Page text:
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==========================
Jython Developer's Guide
==========================
.. contents:: Table of Contents
Introduction
============
You might be interested in reading `Jim Hugunin's JPython paper`_,
which appeared in the proceedings of the 6th International Python
Conference.
This is an introduction to developing Jython, just to get someone started. It doesn't cover in any depth the source code or the design behind Jython. It's purely aimed at getting a development environment setup. It's definitely not complete so feel free to make it better!
The Wiki
========
Wiki http://wiki.python.org/jython/
Mailing Lists
=============
Mailing Lists http://sourceforge.net/mail/?group_id=12867
Subversion
==========
checkout
--------
This checks out all of the jython subprojects (bugtests, jython -- the main codebase, sandbox etc.)
::
svn co https://svn.sourceforge.net/svnroot/jython/trunk/
* 2.1 Stable:
::
svn co https://svn.sourceforge.net/svnroot/jython/tags/Release_2_1
* 2.2 Alpha 1:
::
svn co https://svn.sourceforge.net/svnroot/jython/tags/Release_2_2alpha0
* Preparing a Patch on Unix command line: (note multiple changes can be concatencated into one patch file using >> as shown.
::
cvs -z3 -d:pserver:anonymous@cvs.sourceforge.net:/cvsroot/jython diff -u PyFloat.java >> patchfile.txt
Python
======
* http://www.python.org/2.2.3/
* Jython uses Python's standard library where possible. This means you will need a working copy of Python source files for the stdlib. We currently use Python 2.2 so you can grab the files from here if you don't already have 2.2 installed.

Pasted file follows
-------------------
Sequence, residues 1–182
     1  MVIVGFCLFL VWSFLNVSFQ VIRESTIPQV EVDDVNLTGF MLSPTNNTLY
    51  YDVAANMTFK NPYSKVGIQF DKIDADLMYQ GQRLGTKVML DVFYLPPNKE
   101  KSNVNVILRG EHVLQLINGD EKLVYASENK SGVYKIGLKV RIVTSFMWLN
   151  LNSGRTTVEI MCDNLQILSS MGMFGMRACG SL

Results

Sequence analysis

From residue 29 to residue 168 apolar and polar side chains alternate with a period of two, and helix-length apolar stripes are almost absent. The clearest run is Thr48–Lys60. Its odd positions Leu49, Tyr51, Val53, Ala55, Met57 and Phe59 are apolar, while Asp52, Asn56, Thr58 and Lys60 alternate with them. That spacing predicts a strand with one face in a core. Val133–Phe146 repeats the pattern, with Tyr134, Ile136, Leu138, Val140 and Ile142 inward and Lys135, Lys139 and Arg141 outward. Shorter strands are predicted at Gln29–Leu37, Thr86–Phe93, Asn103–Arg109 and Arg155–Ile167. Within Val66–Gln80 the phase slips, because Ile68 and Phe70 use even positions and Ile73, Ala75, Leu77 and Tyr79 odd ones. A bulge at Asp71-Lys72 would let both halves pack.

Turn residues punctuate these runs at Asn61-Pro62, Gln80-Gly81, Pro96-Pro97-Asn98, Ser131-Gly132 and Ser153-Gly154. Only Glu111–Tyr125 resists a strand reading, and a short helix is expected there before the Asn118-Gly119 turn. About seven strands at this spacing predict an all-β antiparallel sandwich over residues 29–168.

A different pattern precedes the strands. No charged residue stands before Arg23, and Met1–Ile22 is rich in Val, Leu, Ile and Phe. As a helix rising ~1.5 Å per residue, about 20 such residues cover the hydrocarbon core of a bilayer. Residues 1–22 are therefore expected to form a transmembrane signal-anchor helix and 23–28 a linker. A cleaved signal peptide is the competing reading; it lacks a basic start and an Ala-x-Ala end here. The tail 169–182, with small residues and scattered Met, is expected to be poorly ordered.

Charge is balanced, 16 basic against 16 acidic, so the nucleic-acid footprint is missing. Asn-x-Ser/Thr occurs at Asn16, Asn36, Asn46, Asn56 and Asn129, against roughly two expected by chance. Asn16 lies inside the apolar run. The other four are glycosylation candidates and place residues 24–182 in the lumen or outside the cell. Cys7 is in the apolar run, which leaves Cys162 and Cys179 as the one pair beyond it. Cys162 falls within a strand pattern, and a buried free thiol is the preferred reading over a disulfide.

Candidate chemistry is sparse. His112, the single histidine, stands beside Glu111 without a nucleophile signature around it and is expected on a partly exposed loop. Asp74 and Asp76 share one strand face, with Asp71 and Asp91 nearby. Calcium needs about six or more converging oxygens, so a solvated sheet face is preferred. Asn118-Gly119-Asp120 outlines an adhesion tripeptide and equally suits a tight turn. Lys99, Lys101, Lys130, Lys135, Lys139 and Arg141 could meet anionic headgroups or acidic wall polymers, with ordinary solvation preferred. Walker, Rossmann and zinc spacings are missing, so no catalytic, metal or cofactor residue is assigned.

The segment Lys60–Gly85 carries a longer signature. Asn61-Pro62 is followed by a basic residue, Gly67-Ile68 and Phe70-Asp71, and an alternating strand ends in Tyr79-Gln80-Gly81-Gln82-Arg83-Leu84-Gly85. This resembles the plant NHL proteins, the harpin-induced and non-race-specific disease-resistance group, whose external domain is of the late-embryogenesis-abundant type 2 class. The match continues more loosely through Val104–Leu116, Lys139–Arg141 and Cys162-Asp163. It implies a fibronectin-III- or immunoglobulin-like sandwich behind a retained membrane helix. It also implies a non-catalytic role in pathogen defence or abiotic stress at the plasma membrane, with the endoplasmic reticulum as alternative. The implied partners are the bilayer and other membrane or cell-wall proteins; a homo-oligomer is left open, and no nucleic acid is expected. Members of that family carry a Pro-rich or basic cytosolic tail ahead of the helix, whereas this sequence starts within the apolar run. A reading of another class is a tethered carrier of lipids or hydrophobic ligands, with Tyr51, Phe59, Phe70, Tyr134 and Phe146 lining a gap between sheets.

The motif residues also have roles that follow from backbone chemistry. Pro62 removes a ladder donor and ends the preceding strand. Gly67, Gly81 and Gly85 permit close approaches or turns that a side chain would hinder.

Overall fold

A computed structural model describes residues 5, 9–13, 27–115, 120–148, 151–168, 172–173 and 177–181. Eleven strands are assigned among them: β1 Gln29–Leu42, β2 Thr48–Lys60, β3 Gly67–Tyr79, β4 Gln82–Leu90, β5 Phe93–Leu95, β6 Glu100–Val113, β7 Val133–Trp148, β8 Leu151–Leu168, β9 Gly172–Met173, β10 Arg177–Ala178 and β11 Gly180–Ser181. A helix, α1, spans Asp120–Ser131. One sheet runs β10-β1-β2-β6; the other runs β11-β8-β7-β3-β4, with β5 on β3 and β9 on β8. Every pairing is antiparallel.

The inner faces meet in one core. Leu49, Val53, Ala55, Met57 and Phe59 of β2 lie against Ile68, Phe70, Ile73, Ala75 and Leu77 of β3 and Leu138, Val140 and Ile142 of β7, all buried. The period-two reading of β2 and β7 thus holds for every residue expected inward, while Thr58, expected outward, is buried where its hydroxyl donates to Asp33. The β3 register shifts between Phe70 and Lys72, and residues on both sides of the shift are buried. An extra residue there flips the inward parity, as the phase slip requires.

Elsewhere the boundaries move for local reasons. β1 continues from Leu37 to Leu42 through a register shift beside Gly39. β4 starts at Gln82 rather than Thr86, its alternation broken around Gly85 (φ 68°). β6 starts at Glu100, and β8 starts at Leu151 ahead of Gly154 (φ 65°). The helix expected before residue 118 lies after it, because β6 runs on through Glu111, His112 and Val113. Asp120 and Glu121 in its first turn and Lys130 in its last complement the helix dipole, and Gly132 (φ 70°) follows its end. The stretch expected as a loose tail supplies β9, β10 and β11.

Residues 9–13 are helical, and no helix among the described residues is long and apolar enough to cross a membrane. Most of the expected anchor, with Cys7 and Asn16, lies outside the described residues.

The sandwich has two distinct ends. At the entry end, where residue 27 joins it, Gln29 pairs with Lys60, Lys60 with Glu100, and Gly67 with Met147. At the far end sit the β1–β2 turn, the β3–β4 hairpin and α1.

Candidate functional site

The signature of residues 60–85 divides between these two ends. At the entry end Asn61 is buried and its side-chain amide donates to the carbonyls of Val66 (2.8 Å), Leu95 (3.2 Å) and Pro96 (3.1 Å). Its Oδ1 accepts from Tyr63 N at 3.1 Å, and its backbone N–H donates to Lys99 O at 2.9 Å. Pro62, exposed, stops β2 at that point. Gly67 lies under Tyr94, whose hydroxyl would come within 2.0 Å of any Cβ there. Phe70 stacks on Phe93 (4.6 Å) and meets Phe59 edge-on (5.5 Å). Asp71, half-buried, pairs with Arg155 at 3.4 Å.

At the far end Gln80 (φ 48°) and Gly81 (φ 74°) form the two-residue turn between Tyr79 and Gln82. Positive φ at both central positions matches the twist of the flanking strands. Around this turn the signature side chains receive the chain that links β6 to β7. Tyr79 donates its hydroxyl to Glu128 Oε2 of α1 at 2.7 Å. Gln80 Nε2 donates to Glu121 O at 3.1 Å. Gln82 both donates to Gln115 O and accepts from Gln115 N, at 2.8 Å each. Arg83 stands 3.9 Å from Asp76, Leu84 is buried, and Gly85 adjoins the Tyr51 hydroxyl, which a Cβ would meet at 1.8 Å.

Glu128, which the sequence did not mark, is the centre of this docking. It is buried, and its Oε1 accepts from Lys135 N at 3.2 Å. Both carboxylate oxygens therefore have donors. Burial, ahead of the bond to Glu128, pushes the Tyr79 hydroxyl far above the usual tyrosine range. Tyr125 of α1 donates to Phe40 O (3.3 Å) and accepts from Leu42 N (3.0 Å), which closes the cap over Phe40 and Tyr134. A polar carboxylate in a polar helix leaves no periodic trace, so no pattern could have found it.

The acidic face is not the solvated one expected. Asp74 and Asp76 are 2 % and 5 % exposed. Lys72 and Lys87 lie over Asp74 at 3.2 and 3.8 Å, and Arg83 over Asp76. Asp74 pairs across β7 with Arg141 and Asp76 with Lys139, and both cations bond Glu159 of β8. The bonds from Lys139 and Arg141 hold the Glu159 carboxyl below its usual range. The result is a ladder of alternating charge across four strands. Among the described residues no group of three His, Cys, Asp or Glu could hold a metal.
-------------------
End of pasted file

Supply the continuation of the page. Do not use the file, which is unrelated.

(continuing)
JavaCC
======
* https://javacc.dev.java.net/
* Parser generator for Java. Generally needed only for working on parser.
* It's not really required that you install this so I'd skip it.
* The latest version is JDK 1.5 compatible (uses 'e' rather than 'enum' as variable name).
Ant
===
* http://ant.apache.org/ A Java-based build tool.
* Eclipse users, see [wiki:Self:/JythonDeveloperGuide/EclipseNotes#ANT Eclipse ANT notes]
* The Makefiles in the repository are old and will be removed.
* Download the latest version and install so the bin/ is somewhere in your path.
* The build.xml is the file containing the compiler directives
* It uses a file called ant.properties to override default paths; here's mine:
build.compiler=modern
debug=on
optimize=off
javaccHome=/Users/bzimmer/Library/Java/Extras/javacc-3.2
ht2html.dir=
#python.home=
python.lib=/sw/lib/python2.2
python.exe=/sw/bin/python2.2
### zxJDBC ###
oracle.jar=
mysql.jar=/Users/bzimmer/Library/Java/Extras/mysql-connector-java-3.1.6-bin.jar
informix.jar=
postgresql.jar=/Users/bzimmer/Library/Java/Extras/pg74.215.jdbc2.jar
jdbc.jar=
servlet.jar=
Jars
====
* Jython uses many optional jars
* These are not required for building locally but are for deployment with the installer
* The ant script takes care of conditional compilation
IDEs
====
* Any Java IDE will work
* IntelliJ
* Eclipse see /EclipseNotes
* Vim
* ...
Tests
=====
After you've built the project, you may want to set up an excutable file on your path to make it easy to launch your build of jython. This file will need to:
* Set the python home property to the `dist` directory of your build (otherwise, you'll get import errors on the standard lib stuff).
* Execute the `jython.jar` in the `dist` produced by the build.
Here's a batch file that runs the built jython.jar (for windows): [[Anchor(sampleBatch)]]
jytip.bat
=========
::
@echo off
set ARGS=
:: concatenate all the command line args into one
:loop
if [%1] == [] goto end
set ARGS=%ARGS% %1
shift
goto loop
:end
:: this is mine...
:: java -Dpython.home=C:\\workspace\\JythonTip\\jython\\dist -jar
::<cont> c:\workspace\JythonTip\jython\dist\jython.jar %ARGS%
:: fill in <placeholders> below:
java -Dpython.home=<path to dist directory>\\dist -jar <path to dist directory>\dist\jython.jar %ARGS%
Now your ready to run tests...
* There are a couple different places to find test cases
* Jython's Lib/test
* Jython's bugtests repository
* Python2.2's Lib/test